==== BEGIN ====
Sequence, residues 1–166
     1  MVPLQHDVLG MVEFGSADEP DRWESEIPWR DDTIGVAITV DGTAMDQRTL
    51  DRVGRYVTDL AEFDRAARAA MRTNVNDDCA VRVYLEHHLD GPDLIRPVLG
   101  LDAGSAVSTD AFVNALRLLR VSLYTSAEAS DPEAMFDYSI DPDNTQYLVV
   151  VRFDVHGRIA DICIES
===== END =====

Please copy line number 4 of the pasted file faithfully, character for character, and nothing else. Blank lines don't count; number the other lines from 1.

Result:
   101  LDAGSAVSTD AFVNALRLLR VSLYTSAEAS DPEAMFDYSI DPDNTQYLVV